Nascar at Atlanta: Some Thoughts and “Just A Fan’s View” of Unrestricted Wide Open High Speed Racing

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The top twelve in points will start up front again this week because of the third consecutive rain-out of qualifying in Nascar Sprint Cup Racing. That makes pit selection and starting positions easy to figure out, but has caused a lot of fan chatter about the way Nascar handles inclement weather, (especially on qualifying day.)

Because this has been an unusual year of rained out qualifying sessions, (ten to date), it has become one of the hottest fan topics of the year, especially in the the last couple of weeks. There are calls for changes to be made so that it be “fair” to the ones that have to qualify to be able to race in the event of the weekend. This is in addition to the ever running criticism of the top 35 rule. Some have even called it the “top 35 protection rule”. I emphasize the word “protection” because that’s what seems to be the understanding of many of the vocal critics of the rule used to place the top 35 along with the others in case of rain outs and other situations that may arise.

So … I guess my first questions are why is this such a big deal? Why is it that everything Nascar does to keep things going disagrees with so many fans? I’m not sure I know the answer for sure, but I do know that Nascar has been around a long time and they are still going strong and are pretty much as popular as ever.

I know most won’t care to hear about my experience in short track racing, but I’m going to give it to you anyway only because it gives some perspective to the situation.

When I was growing up visiting our local race tracks there were times they had time trials every weekend. When I actually started racing years later, we didn’t have qualifying time trials, we lined up according to points. During the regular weekly racing, the field was set by the points accumulated by the drivers or car owners except that the field was inverted. That meant that we had to start further in the back the higher our points were. If someone was new to the track or had no points for the season they also started all the way in the back.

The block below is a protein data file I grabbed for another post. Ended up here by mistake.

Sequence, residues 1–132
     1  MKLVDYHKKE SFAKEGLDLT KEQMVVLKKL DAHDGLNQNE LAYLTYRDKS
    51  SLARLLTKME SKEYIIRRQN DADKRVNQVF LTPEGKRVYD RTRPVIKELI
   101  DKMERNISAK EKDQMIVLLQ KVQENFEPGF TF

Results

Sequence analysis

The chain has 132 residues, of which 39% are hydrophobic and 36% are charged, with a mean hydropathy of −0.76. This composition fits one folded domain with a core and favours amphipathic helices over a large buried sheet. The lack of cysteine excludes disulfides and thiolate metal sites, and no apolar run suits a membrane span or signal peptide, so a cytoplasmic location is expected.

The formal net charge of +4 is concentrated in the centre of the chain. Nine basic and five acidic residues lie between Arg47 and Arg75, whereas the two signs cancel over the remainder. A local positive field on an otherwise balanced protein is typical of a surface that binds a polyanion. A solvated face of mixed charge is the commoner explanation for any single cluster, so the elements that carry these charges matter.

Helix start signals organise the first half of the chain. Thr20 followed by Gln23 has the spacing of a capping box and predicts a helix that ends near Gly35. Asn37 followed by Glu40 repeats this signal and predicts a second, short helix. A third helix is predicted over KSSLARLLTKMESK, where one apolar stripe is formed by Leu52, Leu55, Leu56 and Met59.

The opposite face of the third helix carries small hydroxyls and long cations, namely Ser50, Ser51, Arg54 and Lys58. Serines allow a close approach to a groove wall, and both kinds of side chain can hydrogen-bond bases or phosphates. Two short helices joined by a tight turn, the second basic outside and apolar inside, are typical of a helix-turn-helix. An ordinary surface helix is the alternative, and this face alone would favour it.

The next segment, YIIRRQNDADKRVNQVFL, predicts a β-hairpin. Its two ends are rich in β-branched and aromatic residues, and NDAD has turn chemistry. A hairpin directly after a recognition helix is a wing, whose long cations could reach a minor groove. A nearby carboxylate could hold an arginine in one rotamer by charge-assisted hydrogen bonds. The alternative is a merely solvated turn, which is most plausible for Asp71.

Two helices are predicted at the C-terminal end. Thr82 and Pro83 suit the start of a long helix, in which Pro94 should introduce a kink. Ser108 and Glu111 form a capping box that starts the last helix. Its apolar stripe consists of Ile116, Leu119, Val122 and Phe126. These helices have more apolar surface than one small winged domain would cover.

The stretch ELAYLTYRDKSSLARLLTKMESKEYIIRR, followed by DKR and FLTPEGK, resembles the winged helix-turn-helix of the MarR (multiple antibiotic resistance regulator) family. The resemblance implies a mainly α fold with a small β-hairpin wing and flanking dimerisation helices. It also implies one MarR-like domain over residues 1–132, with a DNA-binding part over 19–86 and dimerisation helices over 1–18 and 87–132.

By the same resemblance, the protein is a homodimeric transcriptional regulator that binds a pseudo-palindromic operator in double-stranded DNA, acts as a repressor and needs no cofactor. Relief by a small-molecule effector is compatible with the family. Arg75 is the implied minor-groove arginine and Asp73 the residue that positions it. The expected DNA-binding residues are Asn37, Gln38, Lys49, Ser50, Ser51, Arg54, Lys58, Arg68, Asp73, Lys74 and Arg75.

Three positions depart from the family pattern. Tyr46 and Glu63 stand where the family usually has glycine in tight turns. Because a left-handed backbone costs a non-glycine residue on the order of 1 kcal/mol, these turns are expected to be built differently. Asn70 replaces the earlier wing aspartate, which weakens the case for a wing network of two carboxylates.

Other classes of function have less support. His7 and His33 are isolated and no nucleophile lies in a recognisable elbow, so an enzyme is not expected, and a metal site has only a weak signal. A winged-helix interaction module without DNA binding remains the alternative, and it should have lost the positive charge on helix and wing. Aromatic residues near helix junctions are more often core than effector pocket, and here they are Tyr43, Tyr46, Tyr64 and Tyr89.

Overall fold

Usually, the people higher in points sort of outclassed the ones that were low in points. Like any other kind of racing, some one has usually figured something out a little better than some of the others and they dominate for a while. Whether we are talking about local racing or Sprint Cup Racing there is a reason why they call it competition. When someone goes faster than the rest, the others work harder to find the extra speed and be the one out front the others are chasing. That’s just the way it is.

One thing different when I was racing was that we had a mid-season championship and an year-end championship. When those particular races were held during the year, we lined up by high points in front and so on. This worked out most of the time, but there were times that it seemed unfair to us as drivers because we had to dodge the less experienced drivers mishaps. (In reality, sometimes there was no way to dodge ’em.)

Another difference was, most of the time at our local short track, we didn’t have people that didn’t get to race because we didn’t have more cars show up than could fit on the track and in the pits. Most everyone that showed up got to race and in our class, we generally had two heat races and a feature.

Oh well, we will talk more on this and other subjects in the off season. For now let’s move on to one of the fastest tracks on the Nascar circuit.

Atlanta’s no restrictor plate racing is what helps make it one of the fastest tracks on the Nascar circuit. The track banking of 24 degrees and configuration completes the ‘speed cycle’. That means things happen fast at Atlanta and usually results in some ‘hard hitting’ action when something go es wrong.

I won’t spend a lot of time talking about the line-up because it is pretty obvious form the standings who is going to benefit. What I will spend a little time on is who I think is going to win this weekend in Atlanta.

There is no doubt that Rousche/Fenway Racing is good on the one and a half mile ovals. With that being said, I do expect them to have a very strong showing this weekend. Carl Edwards probably would have won the race in Spring except his engine blew spoiling his chances. Greg Biffle and Matt Kennseth both run strong here also.